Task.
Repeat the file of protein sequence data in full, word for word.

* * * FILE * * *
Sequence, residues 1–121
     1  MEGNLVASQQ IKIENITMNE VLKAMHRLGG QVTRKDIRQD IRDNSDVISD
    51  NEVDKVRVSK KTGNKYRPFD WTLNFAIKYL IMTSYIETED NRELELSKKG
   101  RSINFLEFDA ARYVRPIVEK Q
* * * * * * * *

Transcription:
Sequence, residues 1–121
     1  MEGNLVASQQ IKIENITMNE VLKAMHRLGG QVTRKDIRQD IRDNSDVISD
    51  NEVDKVRVSK KTGNKYRPFD WTLNFAIKYL IMTSYIETED NRELELSKKG
   101  RSINFLEFDA ARYVRPIVEK Q